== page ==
It has been brought to my attention that there is a belief among 8th grade parents that the students who score into the specialized HS get their pick of the high schools and the rest of the students get their left-overs.
To the best of my knowledge this is untrue. I have been chasing the details of this process for years, and here is what I understand from talking to the people who understand the algorithm, the timing of the running of the algorithm and the people at the DOE who work in the secret magic cave where the computers do their work.
First, just to throw a trickle of water on this fire, the DOE can be accused of a lot of things but no one can doubt that they go to crazy lengths to try to be fair and whether they succeed or not (and often they don’t), the conspiracy theorists can calm themselves knowing that this is one of the DOE’s first mandates.
- Central enrollment receives everyone’s application in Dec.
- The schools do not know how you ranked them (and they will never know). The schools look at all the students that have placed them on the app somewhere and they internally rank them. All schools “over offer” on their private wish list of students, because they know (from vast past experience) the percentages of students who will opt out for a specialized hs choice. If there is a discrepancy from year to year, there may be some overcrowding in the specialized hs or the 1in12 list school. It happens.
- The algorithm is run for everyone in the beginning of the year and it is designed to benefit the student and their preferences. Really, I had a guy from Harvard explain it to me. It goes down the student’s list and matches them with their highest choice school that has put them on the school’s internal student wish list (plus the location priorities – that was Millennium’s fatal flaw last year) and places everyone – it doesn’t care or know who took the SHSAT, what score they got or who their favorite Beatle is.
- In January the DOE opens new schools. It is possible for all students to resubmit an application to include a new school or two. It is an opportunity for students who have moved into the city after the app deadline and independent school students who have lost their placements to try for a seat.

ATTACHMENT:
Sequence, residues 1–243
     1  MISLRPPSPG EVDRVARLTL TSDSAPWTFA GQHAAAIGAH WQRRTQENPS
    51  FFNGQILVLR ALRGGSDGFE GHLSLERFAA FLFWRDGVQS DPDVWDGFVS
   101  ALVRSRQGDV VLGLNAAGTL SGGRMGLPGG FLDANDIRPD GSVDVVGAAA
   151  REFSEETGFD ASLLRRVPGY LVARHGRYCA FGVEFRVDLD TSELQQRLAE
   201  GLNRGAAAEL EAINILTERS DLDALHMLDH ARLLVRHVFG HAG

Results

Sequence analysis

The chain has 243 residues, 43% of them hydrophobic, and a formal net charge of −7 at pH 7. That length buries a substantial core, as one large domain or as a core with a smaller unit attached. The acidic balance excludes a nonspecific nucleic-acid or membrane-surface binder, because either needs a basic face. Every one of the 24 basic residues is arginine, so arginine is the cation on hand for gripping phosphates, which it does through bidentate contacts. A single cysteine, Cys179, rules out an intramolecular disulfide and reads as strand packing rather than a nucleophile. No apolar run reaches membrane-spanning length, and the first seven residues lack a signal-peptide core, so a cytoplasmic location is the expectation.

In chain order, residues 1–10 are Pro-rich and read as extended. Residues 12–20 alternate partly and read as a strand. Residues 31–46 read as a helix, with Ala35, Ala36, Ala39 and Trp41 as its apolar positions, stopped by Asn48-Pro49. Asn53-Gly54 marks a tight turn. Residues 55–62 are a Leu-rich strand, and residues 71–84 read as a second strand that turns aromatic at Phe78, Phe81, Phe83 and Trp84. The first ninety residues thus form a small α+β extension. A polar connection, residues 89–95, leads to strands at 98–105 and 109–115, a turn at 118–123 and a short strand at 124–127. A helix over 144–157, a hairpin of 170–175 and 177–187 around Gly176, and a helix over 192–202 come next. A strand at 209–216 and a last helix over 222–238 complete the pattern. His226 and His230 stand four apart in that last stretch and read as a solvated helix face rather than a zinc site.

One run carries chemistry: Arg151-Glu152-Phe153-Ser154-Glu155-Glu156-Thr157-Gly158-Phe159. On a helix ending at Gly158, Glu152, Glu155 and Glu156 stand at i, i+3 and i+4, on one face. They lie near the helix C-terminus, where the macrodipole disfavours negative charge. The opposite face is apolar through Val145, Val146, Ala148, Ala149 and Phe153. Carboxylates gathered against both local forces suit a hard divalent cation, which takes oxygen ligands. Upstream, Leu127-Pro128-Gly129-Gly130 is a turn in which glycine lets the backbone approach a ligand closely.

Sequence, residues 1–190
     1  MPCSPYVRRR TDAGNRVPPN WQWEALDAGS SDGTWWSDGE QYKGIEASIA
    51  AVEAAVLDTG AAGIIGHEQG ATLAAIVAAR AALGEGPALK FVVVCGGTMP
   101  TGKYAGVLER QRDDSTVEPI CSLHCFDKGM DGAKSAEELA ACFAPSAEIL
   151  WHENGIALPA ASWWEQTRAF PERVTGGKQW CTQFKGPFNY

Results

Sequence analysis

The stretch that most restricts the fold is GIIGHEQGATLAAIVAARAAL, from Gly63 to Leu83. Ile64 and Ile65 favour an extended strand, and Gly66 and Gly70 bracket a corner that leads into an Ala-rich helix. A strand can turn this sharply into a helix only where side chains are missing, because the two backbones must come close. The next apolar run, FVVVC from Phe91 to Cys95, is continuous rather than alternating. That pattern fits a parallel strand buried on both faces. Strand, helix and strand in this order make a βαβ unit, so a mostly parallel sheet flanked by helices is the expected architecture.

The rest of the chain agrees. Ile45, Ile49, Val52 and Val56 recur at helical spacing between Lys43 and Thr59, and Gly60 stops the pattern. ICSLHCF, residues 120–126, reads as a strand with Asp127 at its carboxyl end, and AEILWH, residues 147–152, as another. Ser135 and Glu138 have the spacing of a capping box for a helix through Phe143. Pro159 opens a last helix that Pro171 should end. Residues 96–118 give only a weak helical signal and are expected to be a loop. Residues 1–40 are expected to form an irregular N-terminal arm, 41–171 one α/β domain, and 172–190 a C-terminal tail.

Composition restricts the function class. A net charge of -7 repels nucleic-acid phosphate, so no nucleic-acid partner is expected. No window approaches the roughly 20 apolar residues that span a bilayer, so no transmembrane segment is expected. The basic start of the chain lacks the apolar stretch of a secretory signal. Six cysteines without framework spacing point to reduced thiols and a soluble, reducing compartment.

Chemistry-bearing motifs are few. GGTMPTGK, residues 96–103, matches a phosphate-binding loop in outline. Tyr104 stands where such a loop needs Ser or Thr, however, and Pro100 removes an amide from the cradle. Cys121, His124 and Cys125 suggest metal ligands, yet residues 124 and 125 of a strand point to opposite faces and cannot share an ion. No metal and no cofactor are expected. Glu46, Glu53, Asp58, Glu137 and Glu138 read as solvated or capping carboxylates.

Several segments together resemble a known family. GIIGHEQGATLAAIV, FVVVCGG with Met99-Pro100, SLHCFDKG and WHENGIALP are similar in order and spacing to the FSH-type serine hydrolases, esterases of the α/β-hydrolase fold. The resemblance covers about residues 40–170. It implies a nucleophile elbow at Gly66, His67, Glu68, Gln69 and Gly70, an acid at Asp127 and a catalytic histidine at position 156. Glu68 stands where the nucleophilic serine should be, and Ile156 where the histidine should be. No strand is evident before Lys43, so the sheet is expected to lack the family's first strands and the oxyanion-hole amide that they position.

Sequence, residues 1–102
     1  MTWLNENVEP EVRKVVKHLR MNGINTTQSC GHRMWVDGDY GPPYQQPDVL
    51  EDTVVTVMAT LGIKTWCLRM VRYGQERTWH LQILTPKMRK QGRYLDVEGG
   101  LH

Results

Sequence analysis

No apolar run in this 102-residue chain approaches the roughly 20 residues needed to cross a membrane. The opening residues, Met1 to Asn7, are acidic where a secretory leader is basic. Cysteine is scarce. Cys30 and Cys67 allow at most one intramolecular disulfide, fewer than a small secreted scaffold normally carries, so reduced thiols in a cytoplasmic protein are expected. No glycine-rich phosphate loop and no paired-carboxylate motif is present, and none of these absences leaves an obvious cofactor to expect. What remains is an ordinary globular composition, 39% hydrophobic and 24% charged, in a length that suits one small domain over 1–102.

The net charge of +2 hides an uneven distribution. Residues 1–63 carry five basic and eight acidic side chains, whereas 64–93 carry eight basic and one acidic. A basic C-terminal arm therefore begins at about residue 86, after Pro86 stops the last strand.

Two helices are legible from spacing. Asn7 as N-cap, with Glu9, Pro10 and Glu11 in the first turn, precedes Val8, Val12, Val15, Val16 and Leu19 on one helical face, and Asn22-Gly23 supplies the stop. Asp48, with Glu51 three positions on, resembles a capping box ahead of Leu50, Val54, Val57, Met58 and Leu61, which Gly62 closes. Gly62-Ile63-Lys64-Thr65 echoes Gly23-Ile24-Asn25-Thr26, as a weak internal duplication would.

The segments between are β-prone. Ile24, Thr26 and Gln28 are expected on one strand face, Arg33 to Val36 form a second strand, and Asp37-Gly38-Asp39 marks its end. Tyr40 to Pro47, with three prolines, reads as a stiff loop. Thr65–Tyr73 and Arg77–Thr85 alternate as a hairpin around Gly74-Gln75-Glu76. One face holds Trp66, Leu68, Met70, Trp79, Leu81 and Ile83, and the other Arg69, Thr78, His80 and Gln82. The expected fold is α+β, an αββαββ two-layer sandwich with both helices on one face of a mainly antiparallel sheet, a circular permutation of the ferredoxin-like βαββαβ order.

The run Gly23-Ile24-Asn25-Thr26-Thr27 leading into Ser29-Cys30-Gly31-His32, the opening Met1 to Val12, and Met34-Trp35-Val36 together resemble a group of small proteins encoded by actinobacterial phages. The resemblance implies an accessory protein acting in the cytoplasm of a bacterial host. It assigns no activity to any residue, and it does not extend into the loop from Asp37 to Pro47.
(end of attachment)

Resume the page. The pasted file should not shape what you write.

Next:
- In a totally separate process, the SHSAT is scored and the students are placed into the specialized hs by their test score. Then the DOE sends out a letter with the specialized hs seat and the 1 in 12 hs seat for the student to decide which one they would prefer. Remember, all the other students are already placed, they just don’t hear about their seat early. I know for certain that there are students who are placed in specialized high schools who do not get their first choice. I know for certain that there are occasionally some kids who are offered a seat in a specialized hs who don’t receive a 1in12 placement at all. Bad luck, just like the approx.8% of students who aren’t placed in the main round. Lucky for them that they have a specialized or Laguardia as a safety. Here’s where people feel that the specialized students are getting an advantage, in very rare cases the numbers are tweaked slightly if a 1in12 school’s popularity with specialized students will cause an unusual overcrowding, but this is very, very rare because the DOE is already very good at predicting popularity from past numbers and the schools have already considered this in their "over offer" numbers.
- The algorithm is run again for all remaining students to include these changes, but it is not a giant reshuffle, just fitting in students here and there (do you know anyone who ever resubmitted an app in January?) There would be very little movement if any at the selective school level. It seems that what happened at Bard last year was when the second algorithm was run there was a glitch that said it was full and the previously placed students were dropped. When it became clear, those students where offered seats at Bard even though they had been placed elsewhere.
Note: I asked the guy from Harvard about this scenario about ranking your choices on the app.:
Me: What if a student ranked their 12 choices and put Beacon as #12, and for some reason his 1 to 11 choices didn’t have him on their wish list but Beacon did.
Harvard Guy: He would be placed in Beacon.
The reason that doesn’t happen is only because of the large numbers of eager applicants trying for a small school placement. A small school with many hundreds of qualified applicants placing it as their first choice will likely fill the school before it can reach a lower choice. It is not that the school is being exclusive, it is just that they are lucky to be popular, and we all know that being popular is a big deal in high school.